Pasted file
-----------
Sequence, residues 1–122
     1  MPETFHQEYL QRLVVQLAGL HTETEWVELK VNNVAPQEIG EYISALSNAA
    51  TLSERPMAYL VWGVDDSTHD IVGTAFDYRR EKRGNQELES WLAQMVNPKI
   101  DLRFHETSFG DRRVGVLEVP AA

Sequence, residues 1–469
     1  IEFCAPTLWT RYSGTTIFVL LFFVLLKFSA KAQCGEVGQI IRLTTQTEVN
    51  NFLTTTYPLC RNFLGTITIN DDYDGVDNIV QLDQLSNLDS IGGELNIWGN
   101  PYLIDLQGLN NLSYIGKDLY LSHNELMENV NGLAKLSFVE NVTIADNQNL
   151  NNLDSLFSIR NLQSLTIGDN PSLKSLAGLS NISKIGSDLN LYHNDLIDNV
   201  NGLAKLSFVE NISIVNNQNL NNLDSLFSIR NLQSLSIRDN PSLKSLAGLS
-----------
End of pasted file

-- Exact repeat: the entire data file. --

Sequence, residues 1–122
     1  MPETFHQEYL QRLVVQLAGL HTETEWVELK VNNVAPQEIG EYISALSNAA
    51  TLSERPMAYL VWGVDDSTHD IVGTAFDYRR EKRGNQELES WLAQMVNPKI
   101  DLRFHETSFG DRRVGVLEVP AA

Sequence, residues 1–469
     1  IEFCAPTLWT RYSGTTIFVL LFFVLLKFSA KAQCGEVGQI IRLTTQTEVN
    51  NFLTTTYPLC RNFLGTITIN DDYDGVDNIV QLDQLSNLDS IGGELNIWGN
   101  PYLIDLQGLN NLSYIGKDLY LSHNELMENV NGLAKLSFVE NVTIADNQNL
   151  NNLDSLFSIR NLQSLTIGDN PSLKSLAGLS NISKIGSDLN LYHNDLIDNV
   201  NGLAKLSFVE NISIVNNQNL NNLDSLFSIR NLQSLSIRDN PSLKSLAGLS